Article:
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After announcing Sunday that the Atlee Station Family YMCA will close in October because of financial struggles, the YMCA and the company that owns the building are working to offer residents other fitness options.
Daniel T. Schmitt, president of HHHunt Communities -- the company that developed the Rutland community in Mechanicsville and rents the building to the YMCA -- said Monday that he's disappointed by the closure.
But Schmitt said he's hopeful HHHunt will be able to find a new building operator dedicated to fitness, wellness and recreation.
"Obviously, from a community perspective, we're very disappointed in their decision to cease operations there," Schmitt said. "We are actively pursuing and talking with other operators that are interested in that space ... and we believe that there will be other interested parties that can step in and provide that fitness, wellness experience that the community really deserves."
The Atlee Station Y, which opened in November 2011 on Rutland Center Boulevard in Mechanicsville, has about 800 members, according to Blake Carleton, the vice president of membership for the YMCA of Greater Richmond.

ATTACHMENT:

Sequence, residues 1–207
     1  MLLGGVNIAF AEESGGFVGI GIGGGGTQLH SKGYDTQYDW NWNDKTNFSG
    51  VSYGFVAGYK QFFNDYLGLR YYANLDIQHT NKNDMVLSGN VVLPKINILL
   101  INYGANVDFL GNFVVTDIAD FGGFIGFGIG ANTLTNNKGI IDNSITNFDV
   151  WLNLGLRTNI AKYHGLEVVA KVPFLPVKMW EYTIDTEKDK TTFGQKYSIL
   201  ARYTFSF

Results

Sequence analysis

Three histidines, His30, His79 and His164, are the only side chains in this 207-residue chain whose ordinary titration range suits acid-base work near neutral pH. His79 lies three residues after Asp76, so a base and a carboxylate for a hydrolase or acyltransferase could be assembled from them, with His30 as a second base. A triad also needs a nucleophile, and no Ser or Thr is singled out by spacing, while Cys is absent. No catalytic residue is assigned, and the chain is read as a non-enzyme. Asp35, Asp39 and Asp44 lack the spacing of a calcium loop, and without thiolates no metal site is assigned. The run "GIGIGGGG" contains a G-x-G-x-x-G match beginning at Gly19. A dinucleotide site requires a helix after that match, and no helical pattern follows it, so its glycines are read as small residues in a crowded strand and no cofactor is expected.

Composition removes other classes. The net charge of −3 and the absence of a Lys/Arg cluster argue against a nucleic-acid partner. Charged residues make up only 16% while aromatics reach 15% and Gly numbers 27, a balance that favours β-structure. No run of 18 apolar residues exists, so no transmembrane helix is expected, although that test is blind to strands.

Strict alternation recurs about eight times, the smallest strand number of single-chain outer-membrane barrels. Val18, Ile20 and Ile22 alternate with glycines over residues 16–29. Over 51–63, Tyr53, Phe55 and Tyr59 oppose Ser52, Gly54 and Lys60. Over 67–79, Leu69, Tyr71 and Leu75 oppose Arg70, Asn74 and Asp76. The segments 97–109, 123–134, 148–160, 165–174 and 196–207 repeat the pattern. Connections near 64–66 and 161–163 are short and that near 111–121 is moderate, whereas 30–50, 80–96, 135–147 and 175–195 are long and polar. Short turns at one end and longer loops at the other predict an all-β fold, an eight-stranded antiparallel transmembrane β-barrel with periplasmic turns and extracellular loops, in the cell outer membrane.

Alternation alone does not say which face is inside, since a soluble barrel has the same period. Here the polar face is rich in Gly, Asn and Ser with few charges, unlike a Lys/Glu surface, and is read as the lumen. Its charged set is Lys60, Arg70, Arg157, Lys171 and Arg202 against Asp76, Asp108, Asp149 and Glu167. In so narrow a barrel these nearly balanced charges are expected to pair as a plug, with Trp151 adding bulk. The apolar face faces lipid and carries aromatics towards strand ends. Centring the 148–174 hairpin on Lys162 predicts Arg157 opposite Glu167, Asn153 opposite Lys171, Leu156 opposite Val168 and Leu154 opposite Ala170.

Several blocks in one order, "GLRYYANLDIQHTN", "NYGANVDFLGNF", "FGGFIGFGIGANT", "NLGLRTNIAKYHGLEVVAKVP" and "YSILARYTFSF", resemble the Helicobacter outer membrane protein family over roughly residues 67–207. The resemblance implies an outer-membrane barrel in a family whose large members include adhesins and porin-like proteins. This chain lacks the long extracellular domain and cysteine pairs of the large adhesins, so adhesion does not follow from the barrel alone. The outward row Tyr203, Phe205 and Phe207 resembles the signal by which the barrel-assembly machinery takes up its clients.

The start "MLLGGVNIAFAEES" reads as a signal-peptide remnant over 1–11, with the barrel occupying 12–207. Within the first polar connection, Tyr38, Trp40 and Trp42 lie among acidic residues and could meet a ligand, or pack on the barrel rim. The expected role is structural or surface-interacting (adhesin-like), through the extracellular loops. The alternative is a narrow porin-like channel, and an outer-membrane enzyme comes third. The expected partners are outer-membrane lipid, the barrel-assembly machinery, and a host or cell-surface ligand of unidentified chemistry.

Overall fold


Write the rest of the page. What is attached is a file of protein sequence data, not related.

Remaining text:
Carleton said that while some YMCA branches have fewer members than the Atlee Station Y, that membership number is relatively low.
Carleton said the Atlee Station Y has basic amenities, such as fitness space for cardio, weightlifting and group classes, but lacks others such as a pool or basketball court, which could explain why the branch isn't flourishing.
"We're a nonprofit, and we do lots of good work in lots of tough areas of the city. And so we have to be good stewards of our resources and really make sure that we're able to do our mission," Carleton said.
The Y is offering members of the Atlee Station branch free membership at other local branches between Oct. 3 (when the Atlee Station facility is set to close) and Jan. 1.
Carleton said there are no immediate plans to build a replacement YMCA in the area.
Schmitt said HHHunt has partnered with the YMCA for about 25 years, contributing money and property to the YMCA to help HHHunt establish "exceptional communities." In the case of the Atlee Station Family YMCA, Schmidt said the building was built specifically for the YMCA, with HHHunt charging a below-market lease rate.
The proximity of a YMCA had been touted as an incentive for prospective buyers in the Rutland community.
Schmitt said some residents are upset that the YMCA is closing that branch, a move that he called "a surprise."
A town hall meeting has been scheduled for 6 p.m. on July 31 at the Atlee Station Y, where members can discuss concerns with YMCA leaders. For details, visit ymcarichmond.org/atleefaq.
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